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If you listened closely to Dan Marino in the aftermath of Miami's elimination from the NFL playoffs Sunday, you heard what amounted to farewell remarks.

What Marino actually said was "you never know when you've played your last game."

Marino knew. At least he knew that he had just played his last game for the Miami Dolphins after 15 seasons. The sum total of his final three games was one touchdown and three disasters, the 41-0 loss to Indianapolis and the two floggings at the hands of New England.

In his State of the Dolphins address Monday, Jimmy Johnson said he wanted Marino back next season, but his words had the ring of insincerity. Johnson wants a quarterback he can control and, even in the winter of his career, Marino is not easily controlled.

It was a great career, but it's over. In fact, it's the end, or near the end, for a lot of those great stars who ascended during the 1980s.

In his last three games, Marino looked like Jim Kelly did in his final month with the Bills: Immobile, unable to make plays and tormented by frustration.

It happens to the best of them. Emmitt Smith, Dallas' great back, is washed up. So is Sam Mills, the wonder middle linebacker for Carolina. Reggie White of the Packers is running on an eighth of a tank. The same for Thurman Thomas.

Others are perilously close to the cliff. San Francisco's Steve Young is 36 and playing well, but he's one more concussion away from retirement. Bruce Smith was spectacular in the first half of Buffalo's season but in the last five games he had one sack. He'll be 35 next year.

It was amusing to hear Johnson. He kept saying it wasn't his kind of team, and the coaches who put together his offense left something to be desired. Are there any NFL head coaches left who take responsibility when things go wrong?

J.J. knew Marino, with his history of abandoning the running game, was a bad fit for the Johnson Way when he was hired to replace Don Shula in 1996. But Johnson didn't have the guts to start all over without Marino at quarterback because he didn't want to look bad doing it.

Instead, he looked bad doing it with Marino. Like most Golden Oldies, Marino had enough good games to allow people to kid themselves about him. Jimmy kept talking about biting the bullet and benching Marino for Craig Erickson, yet he never could bring himself to do it.

Misjudging older players isn't all that uncommon. Take the Bills' decision to sign Smith to a huge six-year contract, which included a $6 million signing bonus. Pass rushers who remain consistently effective at the age of 35 are as rare as white rhinos. The Bills should have thought back at the way Bruce ended up the two previous seasons: In bed with the flu during the Pittsburgh playoff game and then made to vanish by Jacksonville's Tony Boselli in last year's playoff loss in Rich Stadium.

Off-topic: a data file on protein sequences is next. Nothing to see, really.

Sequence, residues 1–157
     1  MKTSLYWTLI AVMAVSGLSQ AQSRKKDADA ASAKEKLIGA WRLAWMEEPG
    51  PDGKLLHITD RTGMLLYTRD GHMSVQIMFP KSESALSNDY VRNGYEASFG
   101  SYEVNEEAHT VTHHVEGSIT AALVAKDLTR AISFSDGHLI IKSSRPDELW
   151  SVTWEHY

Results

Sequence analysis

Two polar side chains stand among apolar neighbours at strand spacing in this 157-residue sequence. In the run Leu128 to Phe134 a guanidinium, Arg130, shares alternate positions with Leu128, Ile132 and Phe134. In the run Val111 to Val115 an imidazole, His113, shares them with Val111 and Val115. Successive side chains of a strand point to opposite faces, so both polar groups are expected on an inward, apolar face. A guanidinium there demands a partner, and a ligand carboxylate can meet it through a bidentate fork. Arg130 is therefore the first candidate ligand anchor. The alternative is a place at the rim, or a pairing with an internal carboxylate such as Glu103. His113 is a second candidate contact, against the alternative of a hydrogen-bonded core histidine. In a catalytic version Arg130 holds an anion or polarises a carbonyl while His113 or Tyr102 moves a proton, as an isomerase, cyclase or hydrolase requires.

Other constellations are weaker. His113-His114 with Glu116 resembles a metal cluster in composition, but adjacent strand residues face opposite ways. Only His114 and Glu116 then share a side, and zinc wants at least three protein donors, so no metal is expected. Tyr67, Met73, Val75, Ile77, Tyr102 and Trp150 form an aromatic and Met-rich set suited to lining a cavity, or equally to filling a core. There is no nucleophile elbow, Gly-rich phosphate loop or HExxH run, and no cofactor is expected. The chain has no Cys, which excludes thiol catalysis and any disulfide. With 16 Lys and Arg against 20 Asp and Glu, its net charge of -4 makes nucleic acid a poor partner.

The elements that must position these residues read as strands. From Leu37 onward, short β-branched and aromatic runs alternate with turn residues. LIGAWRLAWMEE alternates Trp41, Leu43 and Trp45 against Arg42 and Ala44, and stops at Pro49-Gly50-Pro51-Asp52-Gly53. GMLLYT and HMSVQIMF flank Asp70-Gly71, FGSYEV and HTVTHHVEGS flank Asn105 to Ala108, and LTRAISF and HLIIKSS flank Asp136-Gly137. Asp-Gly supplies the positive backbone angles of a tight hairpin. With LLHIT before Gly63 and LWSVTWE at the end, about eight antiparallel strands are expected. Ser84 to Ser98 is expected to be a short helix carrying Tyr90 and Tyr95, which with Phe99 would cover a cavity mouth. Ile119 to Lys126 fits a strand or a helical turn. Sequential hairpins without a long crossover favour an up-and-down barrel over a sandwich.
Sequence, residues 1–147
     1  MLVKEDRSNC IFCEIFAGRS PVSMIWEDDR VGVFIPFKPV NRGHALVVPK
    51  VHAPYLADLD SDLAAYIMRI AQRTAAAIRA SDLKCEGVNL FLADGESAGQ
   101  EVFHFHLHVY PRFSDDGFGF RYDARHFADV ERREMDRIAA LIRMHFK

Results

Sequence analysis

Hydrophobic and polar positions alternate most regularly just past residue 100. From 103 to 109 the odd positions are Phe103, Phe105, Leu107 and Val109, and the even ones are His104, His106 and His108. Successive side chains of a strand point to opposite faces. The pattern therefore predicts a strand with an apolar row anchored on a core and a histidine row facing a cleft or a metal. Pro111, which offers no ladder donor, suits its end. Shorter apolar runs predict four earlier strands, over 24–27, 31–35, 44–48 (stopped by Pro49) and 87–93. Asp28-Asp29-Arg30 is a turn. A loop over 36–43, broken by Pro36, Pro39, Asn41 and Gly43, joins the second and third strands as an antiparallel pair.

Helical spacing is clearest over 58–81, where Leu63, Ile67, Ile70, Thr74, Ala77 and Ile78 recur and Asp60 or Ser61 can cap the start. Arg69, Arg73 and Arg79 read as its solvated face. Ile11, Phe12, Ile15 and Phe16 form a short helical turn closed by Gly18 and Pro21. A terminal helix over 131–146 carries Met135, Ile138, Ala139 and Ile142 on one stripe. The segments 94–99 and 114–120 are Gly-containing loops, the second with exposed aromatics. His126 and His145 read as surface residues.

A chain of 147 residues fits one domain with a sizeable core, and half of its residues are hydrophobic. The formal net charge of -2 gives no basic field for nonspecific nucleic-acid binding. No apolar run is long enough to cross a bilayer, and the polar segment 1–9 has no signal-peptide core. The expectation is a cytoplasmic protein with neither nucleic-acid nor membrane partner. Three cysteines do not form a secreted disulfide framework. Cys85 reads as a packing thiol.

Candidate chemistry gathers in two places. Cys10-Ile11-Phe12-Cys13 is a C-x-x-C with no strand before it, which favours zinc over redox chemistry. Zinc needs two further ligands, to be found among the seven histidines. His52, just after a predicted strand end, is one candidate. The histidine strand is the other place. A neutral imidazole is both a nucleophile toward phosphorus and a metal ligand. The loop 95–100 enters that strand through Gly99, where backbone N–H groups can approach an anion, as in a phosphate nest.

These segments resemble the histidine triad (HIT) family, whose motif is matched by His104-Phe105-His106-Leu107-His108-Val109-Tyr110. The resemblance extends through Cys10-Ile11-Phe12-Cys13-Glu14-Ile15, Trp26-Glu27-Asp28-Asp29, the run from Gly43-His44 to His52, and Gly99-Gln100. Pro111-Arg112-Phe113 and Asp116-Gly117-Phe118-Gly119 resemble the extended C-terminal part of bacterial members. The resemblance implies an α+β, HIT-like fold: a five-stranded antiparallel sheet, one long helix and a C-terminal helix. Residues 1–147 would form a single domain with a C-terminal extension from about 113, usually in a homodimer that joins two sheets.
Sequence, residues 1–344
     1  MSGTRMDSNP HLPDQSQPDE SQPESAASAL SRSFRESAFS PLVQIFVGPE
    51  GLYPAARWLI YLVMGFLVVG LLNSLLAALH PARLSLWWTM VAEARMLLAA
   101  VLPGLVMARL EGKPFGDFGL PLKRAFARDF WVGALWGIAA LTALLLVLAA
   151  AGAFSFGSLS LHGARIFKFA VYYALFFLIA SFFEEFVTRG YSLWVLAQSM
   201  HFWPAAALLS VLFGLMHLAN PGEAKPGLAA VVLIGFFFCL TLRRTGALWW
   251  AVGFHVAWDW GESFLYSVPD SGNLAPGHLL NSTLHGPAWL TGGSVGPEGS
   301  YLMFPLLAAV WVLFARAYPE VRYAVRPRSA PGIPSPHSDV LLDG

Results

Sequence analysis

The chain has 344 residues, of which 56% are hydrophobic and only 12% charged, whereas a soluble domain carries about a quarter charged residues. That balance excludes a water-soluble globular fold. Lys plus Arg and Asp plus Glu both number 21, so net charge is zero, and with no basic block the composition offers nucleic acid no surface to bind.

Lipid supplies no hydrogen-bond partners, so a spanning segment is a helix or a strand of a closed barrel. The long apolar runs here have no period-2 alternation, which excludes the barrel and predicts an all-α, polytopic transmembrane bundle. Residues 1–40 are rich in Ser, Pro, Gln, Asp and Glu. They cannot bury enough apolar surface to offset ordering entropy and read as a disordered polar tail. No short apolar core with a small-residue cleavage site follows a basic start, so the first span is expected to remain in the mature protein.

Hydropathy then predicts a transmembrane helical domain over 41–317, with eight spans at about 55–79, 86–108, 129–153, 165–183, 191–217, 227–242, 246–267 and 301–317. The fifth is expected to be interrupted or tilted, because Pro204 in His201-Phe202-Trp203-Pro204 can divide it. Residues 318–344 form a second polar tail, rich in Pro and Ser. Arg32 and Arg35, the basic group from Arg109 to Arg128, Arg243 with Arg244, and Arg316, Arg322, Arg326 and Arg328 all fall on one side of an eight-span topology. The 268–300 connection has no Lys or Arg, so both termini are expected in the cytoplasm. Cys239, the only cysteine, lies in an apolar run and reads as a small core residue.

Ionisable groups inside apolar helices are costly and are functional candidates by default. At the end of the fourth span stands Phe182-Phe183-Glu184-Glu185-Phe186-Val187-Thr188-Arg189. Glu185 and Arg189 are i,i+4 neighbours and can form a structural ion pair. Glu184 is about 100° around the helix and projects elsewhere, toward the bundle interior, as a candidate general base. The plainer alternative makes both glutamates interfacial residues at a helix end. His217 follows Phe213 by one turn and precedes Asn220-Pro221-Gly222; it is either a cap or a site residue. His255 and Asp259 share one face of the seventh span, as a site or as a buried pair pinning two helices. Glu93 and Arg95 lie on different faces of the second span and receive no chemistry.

The smart teams judge older players in late November and December, when the intensity increases and the cold wears on their bodies.

Years ago, we used to watch players retire gracefully before their skills betrayed them and they embarrassed themselves in public. Now, the money is too good for that. Less than an hour after he publicly embarrassed himself in New England, Marino was talking about "still wanting to play . . . I think I can still play at a high level."

With whom? It would have to be a warm-weather team which could protect him almost flawlessly and had a chance to win big. To say nothing of paying a huge salary to an antique. Which team answers that description?

There are enough freaks of nature in the NFL to cause the old guys to delude themselves. Darrell Green looks almost as fast playing cornerback for Washington as he did when he started. Warren Moon, at 41, quarterbacked Seattle to respectability, if not the playoffs. Boomer Esiason had enough good games to delude Cincinnati into junking the development of Jeff Blake, who had thrown 52 touchdown passes the previous two seasons.

Yet Marino is proof that age catches up with the best of them.

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